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Pop Goes the Shoulder—Now What?

Dislocated shoulder
 If you are worried you have a shoulder dislocation, don't panic, but do get specialized care right away.

"The longer you wait to have the dislocated shoulder put back in place, the harder it is to do," says Julia Rawlings, MD, a pediatric orthopaedic physician at the University of Utah Orthopaedic Center. "With time, the tissues around the joint swell and the muscles spasm. Depending upon the facility, the length of time the shoulder has been dislocated, and the age of the patient, medication may be needed to help reduce the shoulder."

A sling, handkerchief, or any makeshift support can be used to stabilize the arm to provide support and decrease pain as you make your way to the doctor's office of hospital.

What causes a dislocated shoulder?

The vast majority of shoulder dislocations are the results of accidents, falls or sports activities such as:

  • Football
  • Hockey
  • Rock climbing
  • Snowboarding

Shoulder dislocations are most common in teenagers and young adults. Shoulder dislocations in children and infants are extremely rare.

Signs and sounds of dislocation

Patients often know when a dislocation happens because they feel the shoulder pop out of joint. There may be an audible pop as well. The shoulder is very painful when it is dislocated, and there is significant relief when the shoulder is put back into place.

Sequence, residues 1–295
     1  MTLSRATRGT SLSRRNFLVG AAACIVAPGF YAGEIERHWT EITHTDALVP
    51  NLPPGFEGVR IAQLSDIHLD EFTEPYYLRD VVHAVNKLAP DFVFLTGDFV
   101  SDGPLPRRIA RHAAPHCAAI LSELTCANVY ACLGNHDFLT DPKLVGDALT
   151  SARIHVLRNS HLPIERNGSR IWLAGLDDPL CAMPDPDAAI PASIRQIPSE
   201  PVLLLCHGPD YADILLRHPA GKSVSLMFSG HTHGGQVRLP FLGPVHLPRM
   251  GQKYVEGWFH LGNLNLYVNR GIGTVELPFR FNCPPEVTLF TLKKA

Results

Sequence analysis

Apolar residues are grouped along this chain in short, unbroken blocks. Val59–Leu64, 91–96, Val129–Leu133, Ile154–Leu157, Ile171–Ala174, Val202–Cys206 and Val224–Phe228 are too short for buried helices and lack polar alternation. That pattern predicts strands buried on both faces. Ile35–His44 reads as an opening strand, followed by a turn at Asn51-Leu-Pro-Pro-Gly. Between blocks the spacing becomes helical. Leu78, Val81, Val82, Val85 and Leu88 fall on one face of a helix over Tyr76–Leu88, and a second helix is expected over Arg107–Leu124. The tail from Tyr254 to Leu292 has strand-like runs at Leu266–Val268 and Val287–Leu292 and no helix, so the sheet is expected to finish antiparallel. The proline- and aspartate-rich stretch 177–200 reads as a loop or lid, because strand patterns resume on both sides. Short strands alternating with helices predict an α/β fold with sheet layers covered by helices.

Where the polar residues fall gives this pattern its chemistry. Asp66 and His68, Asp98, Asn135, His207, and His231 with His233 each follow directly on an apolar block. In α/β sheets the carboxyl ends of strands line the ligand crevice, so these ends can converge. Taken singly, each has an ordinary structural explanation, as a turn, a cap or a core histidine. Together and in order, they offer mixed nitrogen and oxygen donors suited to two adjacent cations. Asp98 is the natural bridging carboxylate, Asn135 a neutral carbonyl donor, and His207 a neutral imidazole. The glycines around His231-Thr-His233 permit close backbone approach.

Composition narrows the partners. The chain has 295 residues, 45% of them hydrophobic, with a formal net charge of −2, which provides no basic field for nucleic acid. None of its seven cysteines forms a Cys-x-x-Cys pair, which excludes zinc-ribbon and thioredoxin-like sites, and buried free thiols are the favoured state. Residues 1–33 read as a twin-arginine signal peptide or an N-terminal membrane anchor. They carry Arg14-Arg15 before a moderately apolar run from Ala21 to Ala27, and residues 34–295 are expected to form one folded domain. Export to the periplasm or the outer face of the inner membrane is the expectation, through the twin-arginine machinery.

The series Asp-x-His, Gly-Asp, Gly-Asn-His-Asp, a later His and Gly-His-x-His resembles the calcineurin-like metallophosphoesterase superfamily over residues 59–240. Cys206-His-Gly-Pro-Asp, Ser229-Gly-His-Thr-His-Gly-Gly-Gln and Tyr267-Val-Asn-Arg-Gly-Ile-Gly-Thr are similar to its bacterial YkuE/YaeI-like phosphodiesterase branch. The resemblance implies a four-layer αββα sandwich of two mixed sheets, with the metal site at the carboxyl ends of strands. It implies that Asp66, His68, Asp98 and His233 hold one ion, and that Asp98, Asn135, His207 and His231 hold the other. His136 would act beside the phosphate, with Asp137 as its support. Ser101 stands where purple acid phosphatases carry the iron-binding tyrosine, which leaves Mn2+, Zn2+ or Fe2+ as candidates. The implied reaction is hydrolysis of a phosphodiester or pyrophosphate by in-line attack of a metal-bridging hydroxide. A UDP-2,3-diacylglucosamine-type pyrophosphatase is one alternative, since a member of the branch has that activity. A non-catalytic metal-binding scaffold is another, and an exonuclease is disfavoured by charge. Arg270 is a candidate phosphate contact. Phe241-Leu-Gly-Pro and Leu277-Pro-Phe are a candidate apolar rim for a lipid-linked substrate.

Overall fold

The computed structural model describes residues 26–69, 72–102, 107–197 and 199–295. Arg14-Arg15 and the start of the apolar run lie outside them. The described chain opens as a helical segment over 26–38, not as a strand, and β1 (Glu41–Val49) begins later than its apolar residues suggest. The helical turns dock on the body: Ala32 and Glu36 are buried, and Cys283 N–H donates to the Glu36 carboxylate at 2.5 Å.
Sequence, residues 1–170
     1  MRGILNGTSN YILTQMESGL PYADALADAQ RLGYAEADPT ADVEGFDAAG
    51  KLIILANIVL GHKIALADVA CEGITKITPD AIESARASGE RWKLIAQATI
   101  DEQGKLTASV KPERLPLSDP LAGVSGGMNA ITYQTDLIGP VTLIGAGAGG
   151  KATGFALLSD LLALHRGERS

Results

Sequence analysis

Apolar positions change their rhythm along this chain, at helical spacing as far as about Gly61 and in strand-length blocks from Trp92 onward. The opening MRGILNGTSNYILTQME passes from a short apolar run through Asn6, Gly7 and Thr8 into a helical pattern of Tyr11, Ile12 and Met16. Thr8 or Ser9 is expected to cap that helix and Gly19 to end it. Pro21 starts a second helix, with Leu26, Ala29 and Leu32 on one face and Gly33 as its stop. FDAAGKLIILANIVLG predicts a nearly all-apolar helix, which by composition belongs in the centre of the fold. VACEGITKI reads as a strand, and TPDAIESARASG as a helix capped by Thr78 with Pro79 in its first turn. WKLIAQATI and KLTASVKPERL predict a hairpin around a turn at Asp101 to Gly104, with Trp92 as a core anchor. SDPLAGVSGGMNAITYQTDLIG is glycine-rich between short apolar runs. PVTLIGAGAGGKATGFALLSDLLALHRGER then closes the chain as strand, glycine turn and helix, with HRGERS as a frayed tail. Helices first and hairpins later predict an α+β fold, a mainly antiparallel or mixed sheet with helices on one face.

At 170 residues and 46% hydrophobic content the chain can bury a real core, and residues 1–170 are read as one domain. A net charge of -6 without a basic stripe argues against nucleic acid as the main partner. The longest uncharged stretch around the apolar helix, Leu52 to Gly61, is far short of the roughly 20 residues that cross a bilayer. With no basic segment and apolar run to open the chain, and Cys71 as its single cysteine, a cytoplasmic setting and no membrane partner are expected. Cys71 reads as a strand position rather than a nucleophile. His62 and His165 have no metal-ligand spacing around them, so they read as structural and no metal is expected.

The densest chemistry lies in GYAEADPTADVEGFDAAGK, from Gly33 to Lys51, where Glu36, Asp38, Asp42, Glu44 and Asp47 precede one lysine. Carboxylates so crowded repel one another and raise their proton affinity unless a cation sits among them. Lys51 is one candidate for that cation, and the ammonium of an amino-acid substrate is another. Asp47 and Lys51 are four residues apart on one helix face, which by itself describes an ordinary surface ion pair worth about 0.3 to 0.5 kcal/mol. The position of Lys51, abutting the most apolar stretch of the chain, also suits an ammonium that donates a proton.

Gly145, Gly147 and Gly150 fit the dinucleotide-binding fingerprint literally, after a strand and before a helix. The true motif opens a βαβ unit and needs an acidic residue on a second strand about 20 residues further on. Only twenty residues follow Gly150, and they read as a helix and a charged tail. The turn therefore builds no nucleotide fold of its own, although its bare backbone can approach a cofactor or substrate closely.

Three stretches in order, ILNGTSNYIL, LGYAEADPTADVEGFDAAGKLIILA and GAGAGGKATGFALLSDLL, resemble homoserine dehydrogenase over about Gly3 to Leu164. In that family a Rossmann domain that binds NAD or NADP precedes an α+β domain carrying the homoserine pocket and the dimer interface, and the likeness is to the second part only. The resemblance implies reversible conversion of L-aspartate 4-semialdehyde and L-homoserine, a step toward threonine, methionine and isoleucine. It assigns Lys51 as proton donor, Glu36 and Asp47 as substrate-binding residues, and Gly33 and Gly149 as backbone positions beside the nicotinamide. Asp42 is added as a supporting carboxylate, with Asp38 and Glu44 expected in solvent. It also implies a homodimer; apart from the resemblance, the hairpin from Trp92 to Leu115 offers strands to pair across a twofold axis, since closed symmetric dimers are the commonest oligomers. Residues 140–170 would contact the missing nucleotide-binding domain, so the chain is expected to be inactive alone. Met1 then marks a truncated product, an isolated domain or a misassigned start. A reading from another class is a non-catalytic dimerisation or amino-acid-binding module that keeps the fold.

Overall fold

Someone with a dislocated shoulder instinctively holds their injured arm tucked in close, supported by the other arm to minimize movement and pain. There is usually an obvious change in deformity to the shoulder as well. It is helpful to compare the injured side to the uninjured side to see if they look different.

Partially dislocated shoulder symptoms

A different problem is shoulder instability, also called shoulder subluxation. The shoulder feels like it's loose, but is not coming all the way out.

Two activities where participants seem to be prone to shoulder instability are swimming and dancing. This may be that people that are flexible thrive in these activities. Increased flexibility can make you more prone to joint instability.

For shoulder instability, Rawlings advises that the best treatment to start with is physical therapy. Generally, surgery is not recommended for shoulder instability.

Dislocated shoulder treatments

The bones of the shoulder joint are surrounded by supportive ligaments and tendons. These can be damaged when the shoulder is dislocated. Once the initial emergency is addressed and the shoulder is back in the socket, the injury will be treated with a supportive sling for several days.

People who have dislocated the shoulder should follow up with an orthopedic specialist. Rawlings cautions, "A patient may need surgery to address the damaged tissues after a shoulder dislocation. Important factors to decide whether or not a patient needs surgery include the age of the patient and how active they are. Some patients may be able to start with physical therapy to heal the injury."

For a true shoulder dislocation, get same-day treatment as soon as possible. If you or your kids are physically active, plan ahead. Know your nearest urgent care, emergency department, and orthopedic specialist before you hear the pop.

Dislocated shoulder recovery

Recovery can take time. According to Rawlings, how long it takes can vary. "It can take weeks to months to recover from a shoulder dislocation depending on the amount of damage that was done in the shoulder. Recovery after surgery can take up to a year."